Paralysed woman to walk London Marathon using robotic exoskeleton

paralysed woman to walk london marathon using robotic exoskeleton rewalkParalysed in a horse-riding accident in 2007, Claire Lomas was told by doctors that she would never walk again.

But thanks to a special robotic suit, the 31-year-old Brit is now back on her feet. Lomas, who has been wheelchair-bound since her accident, is so excited by recent developments that she’s decided to take on a challenge that even most able-bodied people would balk at — a 26-mile marathon.

The ReWalk suit, described as a powered exoskeleton that provides user-initiated mobility, will help Lomas complete the course, taking place in London on April 22. Her immediate challenge is learning to walk using the robotic suit in the limited time she has left between now and the day of the event.paralysed woman to walk london marathon using robotic exoskeleton claire lomas

“It is physically hard work and incredibly frustrating at times to get the technique right, but when I make progress, it gives me a fantastic feeling,” Lomas told the Telegraph in a recent interview.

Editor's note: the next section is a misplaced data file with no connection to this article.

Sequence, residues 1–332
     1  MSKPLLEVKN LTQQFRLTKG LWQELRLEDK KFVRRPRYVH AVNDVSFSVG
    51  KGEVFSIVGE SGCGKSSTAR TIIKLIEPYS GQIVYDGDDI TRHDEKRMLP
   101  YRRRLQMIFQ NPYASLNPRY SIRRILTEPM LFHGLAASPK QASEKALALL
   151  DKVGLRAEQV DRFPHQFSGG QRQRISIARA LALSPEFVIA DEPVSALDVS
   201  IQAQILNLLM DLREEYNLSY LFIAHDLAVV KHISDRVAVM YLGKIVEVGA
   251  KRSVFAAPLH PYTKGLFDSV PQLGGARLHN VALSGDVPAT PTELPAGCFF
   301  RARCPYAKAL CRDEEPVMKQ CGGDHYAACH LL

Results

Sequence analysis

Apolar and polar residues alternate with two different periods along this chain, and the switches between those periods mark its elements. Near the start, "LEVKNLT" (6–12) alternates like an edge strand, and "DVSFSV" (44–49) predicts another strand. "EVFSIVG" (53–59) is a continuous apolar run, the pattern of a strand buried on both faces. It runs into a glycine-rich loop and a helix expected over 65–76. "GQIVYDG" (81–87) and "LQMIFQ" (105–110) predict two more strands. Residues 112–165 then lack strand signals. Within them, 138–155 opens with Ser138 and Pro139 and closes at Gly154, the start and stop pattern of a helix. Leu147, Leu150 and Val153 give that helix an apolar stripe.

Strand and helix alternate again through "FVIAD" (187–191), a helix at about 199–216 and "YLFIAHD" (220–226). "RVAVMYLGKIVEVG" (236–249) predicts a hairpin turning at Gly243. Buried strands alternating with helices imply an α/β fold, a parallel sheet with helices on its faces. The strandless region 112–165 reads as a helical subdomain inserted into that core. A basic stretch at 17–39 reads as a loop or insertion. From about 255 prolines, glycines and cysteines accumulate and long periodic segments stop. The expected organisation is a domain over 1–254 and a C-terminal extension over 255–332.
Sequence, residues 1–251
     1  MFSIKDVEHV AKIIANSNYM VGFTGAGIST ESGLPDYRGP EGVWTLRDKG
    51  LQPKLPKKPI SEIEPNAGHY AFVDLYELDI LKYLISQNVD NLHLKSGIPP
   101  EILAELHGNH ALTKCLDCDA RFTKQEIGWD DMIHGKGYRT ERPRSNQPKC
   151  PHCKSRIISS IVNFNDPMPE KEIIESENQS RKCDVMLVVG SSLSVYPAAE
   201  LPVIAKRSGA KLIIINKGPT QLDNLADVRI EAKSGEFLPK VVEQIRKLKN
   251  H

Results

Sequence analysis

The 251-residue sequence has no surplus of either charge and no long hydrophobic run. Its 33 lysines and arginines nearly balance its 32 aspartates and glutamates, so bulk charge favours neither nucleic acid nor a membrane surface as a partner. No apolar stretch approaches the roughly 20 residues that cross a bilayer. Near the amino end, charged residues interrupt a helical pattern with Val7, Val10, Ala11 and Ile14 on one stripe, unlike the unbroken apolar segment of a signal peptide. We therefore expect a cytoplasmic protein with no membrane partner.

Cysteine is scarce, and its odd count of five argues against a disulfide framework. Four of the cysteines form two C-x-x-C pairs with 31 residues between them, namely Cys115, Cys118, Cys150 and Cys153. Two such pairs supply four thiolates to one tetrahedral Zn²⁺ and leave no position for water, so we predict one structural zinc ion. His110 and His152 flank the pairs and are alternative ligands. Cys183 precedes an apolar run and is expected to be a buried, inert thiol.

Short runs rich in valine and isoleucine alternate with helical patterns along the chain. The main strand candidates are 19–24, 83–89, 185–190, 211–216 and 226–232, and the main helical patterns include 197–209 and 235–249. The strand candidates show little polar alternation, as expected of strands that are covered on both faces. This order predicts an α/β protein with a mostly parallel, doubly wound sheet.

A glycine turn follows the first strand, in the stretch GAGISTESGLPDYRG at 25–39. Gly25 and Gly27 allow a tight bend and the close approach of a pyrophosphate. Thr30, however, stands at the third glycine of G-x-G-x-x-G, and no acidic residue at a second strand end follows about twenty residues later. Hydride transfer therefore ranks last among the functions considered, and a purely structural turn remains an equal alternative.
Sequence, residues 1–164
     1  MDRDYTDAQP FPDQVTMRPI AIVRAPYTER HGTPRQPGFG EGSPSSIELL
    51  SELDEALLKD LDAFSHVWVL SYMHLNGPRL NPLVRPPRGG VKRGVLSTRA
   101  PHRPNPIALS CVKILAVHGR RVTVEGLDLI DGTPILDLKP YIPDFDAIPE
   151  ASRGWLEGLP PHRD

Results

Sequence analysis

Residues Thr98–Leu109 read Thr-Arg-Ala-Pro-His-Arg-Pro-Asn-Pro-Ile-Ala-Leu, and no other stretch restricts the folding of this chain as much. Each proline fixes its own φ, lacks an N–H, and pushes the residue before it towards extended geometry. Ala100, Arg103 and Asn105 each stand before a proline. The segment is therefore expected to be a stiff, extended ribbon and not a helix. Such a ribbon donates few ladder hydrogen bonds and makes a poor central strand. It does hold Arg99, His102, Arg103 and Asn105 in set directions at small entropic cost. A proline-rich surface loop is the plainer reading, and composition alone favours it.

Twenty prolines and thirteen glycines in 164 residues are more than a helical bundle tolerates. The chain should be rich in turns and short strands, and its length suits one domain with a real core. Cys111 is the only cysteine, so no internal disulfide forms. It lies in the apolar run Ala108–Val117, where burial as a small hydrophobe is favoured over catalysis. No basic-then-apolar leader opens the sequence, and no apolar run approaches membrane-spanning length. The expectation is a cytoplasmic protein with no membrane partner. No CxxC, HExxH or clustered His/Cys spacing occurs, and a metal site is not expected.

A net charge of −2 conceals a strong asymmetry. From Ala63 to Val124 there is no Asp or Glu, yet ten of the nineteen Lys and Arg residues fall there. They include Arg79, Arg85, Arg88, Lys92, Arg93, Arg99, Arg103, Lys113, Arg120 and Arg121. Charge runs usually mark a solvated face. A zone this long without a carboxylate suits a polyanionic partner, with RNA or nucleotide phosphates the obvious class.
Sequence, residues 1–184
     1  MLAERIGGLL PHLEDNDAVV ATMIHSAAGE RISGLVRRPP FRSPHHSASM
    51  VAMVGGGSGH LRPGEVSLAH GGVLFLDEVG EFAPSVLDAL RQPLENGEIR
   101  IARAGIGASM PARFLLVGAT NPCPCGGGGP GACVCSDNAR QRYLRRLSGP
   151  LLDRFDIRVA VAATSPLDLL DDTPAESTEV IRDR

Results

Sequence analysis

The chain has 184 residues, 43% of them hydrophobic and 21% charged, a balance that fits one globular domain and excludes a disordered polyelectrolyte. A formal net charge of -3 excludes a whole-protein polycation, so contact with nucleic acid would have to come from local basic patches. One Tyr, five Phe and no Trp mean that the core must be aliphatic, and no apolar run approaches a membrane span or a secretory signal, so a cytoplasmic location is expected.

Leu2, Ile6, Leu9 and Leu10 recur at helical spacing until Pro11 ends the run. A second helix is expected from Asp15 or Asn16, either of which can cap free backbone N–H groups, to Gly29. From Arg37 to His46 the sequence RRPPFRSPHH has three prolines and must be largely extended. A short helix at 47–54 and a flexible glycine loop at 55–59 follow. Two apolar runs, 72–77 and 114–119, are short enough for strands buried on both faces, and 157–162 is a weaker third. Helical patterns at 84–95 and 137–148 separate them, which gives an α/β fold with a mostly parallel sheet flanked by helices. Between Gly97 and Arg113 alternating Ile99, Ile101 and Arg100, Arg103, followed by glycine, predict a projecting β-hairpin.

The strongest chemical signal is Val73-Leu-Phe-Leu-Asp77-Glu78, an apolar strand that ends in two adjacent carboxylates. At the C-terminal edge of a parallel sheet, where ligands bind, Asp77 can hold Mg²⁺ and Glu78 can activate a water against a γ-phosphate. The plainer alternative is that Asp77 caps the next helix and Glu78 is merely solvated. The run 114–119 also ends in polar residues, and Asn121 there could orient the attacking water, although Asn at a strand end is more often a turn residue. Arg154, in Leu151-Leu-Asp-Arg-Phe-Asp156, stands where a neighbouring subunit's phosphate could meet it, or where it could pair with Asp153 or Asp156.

ReWalk’s creator, an Israel-based tech company called Argo, says on its website that a user can control the robotic exoskeleton through subtle changes in their center of gravity. Crutches are recommended, to provide extra stability and safety.

The technology comprises a number of motors and gears strapped to the user’s lower body, while sensors attached to the upper body help to control the motion. A computer, together with a rechargeable battery power source, is located in a backpack. Once mastered, a user can even use ReWalk to climb stairs.

When ReWalk detects the user moving their weight onto one foot, it raises the opposite leg and carries the user forward. Lomas says that she’s currently working on getting the rhythm right.

“I keep wanting to look at my legs to see what they are doing,” she told the Telegraph. “There is so much to think about and the weight shift is subtle. You have got to learn how to do that and to do it efficiently – it is really frustrating at first. If you don’t get it right, the leg won’t lift. You can’t just strap yourself in and go, you have to work at it.”